The fiscal history of Texas: Embracing an account of its revenues, debts, and currency, from the commencement of the revolution in 1834 to 1851-52. With remarks on American debts, Volum 3
Lippincott, Grambo, and Co., 1852 - 327 sider
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the fiscal history of texas embracing an account of its revenues, debts, and ...
william m. gouge
Uten tilgangsbegrensning - 1852
acres act was passed annexation audited drafts auditor and comptroller Austin authorized bank Bible bonds borrow Branch Tanner Archer certificates circulation claims commissioners committee Congress consolidated fund contract creditors of Texas currency debt of Texas December December 27 depreciation direct taxes duties on imports edition enacted Engravings exchequer bills February fifty cents filed five millions funded debt gold and silver Government of Texas Governor holders hundred thousand dollars interest issued January Lamar land-offices land-script late Republic Legislature Legislature of Texas liabilities loan ment Mexicans Nacogdoches negotiated November obligations OCTAVO officers Orleans paid paper paper-money payment present President principles promissory notes Provisional Government public creditors public debt public dues public faith public lands receipts received redeemed Republic of Texas revenue Samuel Houston scaling Secretary September 30 specially pledged specie Texan Government Texan securities tion treasury notes United volume Zavalla
Side 292 - That Congress doth consent that the territory properly included within, and rightfully belonging to, the Republic of Texas, may be erected into a new State, to be called the State of Texas...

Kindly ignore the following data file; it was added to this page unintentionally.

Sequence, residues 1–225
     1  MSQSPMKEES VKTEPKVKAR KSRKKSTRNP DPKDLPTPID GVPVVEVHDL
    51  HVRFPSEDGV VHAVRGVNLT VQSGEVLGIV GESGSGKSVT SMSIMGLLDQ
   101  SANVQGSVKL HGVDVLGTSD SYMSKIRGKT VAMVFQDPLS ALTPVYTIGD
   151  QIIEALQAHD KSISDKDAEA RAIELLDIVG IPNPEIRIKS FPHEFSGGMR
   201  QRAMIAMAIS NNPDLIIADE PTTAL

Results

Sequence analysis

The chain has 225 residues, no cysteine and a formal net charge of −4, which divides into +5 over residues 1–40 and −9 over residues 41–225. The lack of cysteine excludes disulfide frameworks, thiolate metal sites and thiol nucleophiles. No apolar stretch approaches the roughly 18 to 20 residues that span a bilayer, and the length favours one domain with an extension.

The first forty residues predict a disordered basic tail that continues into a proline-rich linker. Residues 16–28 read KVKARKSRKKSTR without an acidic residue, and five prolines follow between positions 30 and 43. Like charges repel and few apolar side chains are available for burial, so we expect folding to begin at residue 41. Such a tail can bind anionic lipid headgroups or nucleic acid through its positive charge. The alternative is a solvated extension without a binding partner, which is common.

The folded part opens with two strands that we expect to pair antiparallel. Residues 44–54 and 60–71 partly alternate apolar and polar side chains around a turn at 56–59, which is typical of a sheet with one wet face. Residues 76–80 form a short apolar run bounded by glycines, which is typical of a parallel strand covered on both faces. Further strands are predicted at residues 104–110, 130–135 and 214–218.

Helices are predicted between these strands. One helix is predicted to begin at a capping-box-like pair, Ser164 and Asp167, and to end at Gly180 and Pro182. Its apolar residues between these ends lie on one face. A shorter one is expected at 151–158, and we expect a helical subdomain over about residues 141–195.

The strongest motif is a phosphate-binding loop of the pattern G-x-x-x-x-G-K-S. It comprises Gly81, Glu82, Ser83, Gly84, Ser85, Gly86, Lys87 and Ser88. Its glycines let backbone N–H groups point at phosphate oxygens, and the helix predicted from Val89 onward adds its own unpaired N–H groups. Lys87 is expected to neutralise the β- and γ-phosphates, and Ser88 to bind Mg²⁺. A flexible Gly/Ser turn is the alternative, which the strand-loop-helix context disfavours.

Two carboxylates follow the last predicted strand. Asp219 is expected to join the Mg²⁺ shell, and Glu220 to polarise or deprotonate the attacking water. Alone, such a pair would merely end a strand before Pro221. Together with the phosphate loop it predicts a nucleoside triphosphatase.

Side 130 - ... shall also retain all the vacant and unappropriated lands lying within its limits, to be applied to the payment of the debts and liabilities of said republic of Texas; and the residue of said lands, after discharging said debts and liabilities, to be disposed of as said State may direct; but in no event are said debts and liabilities to become a charge upon the government of the United States.
Side 179 - That the State of Texas hereby agrees to and accepts said propositions ; and it is hereby declared that the State shall be bound by the terms thereof, according to their true import and meaning.
Side 294 - Greenwich is intersected by the parallel of thirty-six degrees, thirty minutes north latitude, and shall run from said point due west to the meridian of one hundred and three degrees west from Greenwich; thence her boundary shall run due south to the thirty-second degree of north latitude; thence on the said parallel of thirty-two degrees of north latitude to the Rio Bravo del Norte, and thence with the channel of said river to the Gulf of Mexico.
Side 293 - Said State to be formed, subject to the adjustment by this government of all questions of boundary that may arise with other governments...
Side 314 - Million of said stock shall be issued until the creditors of the state holding bonds and other certificates of stock of Texas for which duties on imports were specially pledged shall first file at the Treasury of the United States releases of all claims against the United States for or on account of said bonds or certificates in such form as shall be prescribed by the Secretary of the Treasury and approved by the President of the United States.
Side 231 - A regular statement under oath, and an account of the receipts and expenditures of all public money, shall be published annually, in such manner as shall be prescribed by law. SEC. 7. The legislature shall in no case have power to issue "treasury warrants," "treasury notes," or paper of any description intended to circulate as money.
Side 157 - ... themselves and a sacred obligation to their posterity to abolish Such Government and create another, in its stead, calculated to rescue them from impending dangers, and to secure their future welfare and happiness.
Side 295 - Provided, That nothing herein contained shall be construed to impair or qualify anything contained in the, third article of the second section of the " joint resolution for annexing Texas to the United States...
Side 337 - This edition has been carefully compared with the recent London edition of Mr. Murray, and made complete by the addition of more than fifty pages of poems heretofore unpublished in England. Among these there are a number that have never appeared in any American edition; and the publishers believe they are warranted in saying that this is the most complete edition of Lord Byron's Poetical Works ever published in the United States. t lotfiml SBforb tf 3fir& I Complete in one volume, octavo; with seven...